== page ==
Many Republicans and conservative leaders regarded Falwell as a liability. During the 1984 race, a Democratic campaign aide told Time: "Jerry Falwell is a no-risk whipping boy." Ed Rollins, who ran President Reagan's re-election campaign, later agreed: "Jerry Falwell, no question, is a very high negative." Politicians also noticed that Moral Majority was mainly a direct-mail operation and had never built much of a grassroots organization. With ebbing support from the political world, Falwell quit as president of the group in 1987. It folded two years later.Yeah, we should all be onto that trick by now.
Since then, the religious right has had a complex political history. For a time, the Christian Coalition loomed as a powerful successor; and it eventually crumbled. Although conservative Christians took up a key role in Republican politics, they were far from monolithic, having a variety of leaders and viewpoints. Their activists came to see Falwell as a small part of their heritage, if they thought of him at all.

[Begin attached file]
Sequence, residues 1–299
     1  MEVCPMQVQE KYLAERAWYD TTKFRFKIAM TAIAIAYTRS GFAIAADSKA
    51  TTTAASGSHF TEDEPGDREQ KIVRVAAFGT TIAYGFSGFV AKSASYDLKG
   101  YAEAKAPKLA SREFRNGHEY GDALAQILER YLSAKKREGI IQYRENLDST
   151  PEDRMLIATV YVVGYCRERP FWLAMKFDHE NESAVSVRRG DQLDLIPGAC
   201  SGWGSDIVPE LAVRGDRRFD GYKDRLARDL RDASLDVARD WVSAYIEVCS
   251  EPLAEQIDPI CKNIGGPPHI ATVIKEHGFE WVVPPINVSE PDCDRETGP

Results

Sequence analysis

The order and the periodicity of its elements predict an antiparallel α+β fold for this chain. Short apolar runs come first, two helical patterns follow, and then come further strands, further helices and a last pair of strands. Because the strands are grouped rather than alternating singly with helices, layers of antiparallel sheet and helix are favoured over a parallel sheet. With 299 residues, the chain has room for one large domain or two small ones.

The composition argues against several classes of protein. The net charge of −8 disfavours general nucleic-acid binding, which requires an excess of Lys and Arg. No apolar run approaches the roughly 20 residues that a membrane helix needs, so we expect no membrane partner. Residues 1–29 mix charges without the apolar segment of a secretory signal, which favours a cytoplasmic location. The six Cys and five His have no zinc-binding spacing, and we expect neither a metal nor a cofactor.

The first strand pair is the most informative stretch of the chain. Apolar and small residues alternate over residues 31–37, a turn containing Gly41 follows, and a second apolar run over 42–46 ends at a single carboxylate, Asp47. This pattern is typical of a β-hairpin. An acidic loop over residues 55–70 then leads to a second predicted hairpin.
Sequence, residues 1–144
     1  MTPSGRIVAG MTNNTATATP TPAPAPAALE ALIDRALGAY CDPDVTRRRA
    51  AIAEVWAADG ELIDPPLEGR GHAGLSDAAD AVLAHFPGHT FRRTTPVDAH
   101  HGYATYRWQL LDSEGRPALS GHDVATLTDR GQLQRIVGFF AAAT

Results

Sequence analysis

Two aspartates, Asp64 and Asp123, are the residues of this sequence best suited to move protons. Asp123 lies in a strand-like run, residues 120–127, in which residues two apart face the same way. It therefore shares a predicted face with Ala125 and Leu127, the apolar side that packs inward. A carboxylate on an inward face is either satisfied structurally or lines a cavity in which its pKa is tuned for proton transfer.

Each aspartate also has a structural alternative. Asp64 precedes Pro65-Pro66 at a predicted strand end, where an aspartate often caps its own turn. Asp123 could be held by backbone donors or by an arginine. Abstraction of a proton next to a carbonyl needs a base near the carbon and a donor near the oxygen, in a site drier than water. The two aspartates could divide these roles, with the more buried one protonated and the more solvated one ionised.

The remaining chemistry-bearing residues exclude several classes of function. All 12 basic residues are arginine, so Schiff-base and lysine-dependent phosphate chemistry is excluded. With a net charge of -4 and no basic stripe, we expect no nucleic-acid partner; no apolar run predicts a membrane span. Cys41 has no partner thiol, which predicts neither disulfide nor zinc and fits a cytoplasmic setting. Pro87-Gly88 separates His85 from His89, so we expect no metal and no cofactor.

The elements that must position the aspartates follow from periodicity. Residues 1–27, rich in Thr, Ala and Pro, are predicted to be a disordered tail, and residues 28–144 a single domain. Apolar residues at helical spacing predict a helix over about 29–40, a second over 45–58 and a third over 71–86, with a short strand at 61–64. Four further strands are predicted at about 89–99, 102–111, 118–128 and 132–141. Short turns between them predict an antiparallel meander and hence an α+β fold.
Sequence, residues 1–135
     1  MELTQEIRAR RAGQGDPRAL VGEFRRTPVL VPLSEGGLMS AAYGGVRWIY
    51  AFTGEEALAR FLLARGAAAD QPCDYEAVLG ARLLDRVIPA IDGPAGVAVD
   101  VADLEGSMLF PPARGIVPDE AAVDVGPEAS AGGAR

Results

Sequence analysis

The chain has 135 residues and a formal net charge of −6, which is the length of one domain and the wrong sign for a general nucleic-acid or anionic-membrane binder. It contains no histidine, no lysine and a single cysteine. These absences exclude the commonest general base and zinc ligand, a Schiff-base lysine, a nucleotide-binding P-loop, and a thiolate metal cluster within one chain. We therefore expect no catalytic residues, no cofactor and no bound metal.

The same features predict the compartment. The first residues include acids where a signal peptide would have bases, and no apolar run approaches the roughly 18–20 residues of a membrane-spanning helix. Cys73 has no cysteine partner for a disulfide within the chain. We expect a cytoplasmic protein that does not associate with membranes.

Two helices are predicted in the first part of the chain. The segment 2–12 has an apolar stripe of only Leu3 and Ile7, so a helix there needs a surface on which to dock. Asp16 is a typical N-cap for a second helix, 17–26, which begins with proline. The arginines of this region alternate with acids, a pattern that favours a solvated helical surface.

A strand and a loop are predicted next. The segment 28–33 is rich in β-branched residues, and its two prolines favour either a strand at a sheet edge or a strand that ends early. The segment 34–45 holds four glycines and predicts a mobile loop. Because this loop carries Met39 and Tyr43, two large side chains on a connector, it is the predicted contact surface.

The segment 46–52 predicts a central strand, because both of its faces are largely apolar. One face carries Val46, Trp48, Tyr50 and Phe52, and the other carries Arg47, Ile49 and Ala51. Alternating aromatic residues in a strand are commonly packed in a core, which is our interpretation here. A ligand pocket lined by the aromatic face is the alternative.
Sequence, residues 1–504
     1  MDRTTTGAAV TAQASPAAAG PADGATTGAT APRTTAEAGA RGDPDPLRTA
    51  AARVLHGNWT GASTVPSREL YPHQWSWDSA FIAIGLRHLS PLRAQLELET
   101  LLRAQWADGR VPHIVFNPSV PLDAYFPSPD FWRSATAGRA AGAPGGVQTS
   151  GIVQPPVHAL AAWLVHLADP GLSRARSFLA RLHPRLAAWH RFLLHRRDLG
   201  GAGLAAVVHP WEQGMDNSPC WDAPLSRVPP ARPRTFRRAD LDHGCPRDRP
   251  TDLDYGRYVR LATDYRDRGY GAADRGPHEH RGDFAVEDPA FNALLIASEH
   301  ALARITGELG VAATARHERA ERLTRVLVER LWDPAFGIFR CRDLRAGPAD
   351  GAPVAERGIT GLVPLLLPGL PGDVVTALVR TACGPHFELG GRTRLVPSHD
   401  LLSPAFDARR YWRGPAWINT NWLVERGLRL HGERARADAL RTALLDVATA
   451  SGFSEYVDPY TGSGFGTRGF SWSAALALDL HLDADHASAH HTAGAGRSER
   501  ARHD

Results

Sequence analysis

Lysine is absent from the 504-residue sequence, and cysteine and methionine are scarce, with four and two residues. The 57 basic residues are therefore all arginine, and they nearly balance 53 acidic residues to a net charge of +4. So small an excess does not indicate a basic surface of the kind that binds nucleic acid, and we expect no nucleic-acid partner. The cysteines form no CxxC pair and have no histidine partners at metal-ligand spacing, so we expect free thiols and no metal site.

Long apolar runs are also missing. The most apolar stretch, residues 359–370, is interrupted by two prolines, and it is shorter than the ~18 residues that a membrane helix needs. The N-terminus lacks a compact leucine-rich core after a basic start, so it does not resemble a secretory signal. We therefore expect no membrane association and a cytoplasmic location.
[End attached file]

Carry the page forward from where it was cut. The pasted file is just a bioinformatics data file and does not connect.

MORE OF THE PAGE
Liberals, however, did not forget Falwell. As a political consultant once advised his fellow Democrats: "Find your candidate a nasty enemy. Tell people they are threatened in some way. . . . It's a cheap trick, but the simplest."
May 28, 2007
"Find your candidate a nasty enemy. Tell people they are threatened in some way. . . . It's a cheap trick, but the simplest."
Politics professor John J. Pitney Jr. writes about the way Jerry Falwell served the interests of liberals: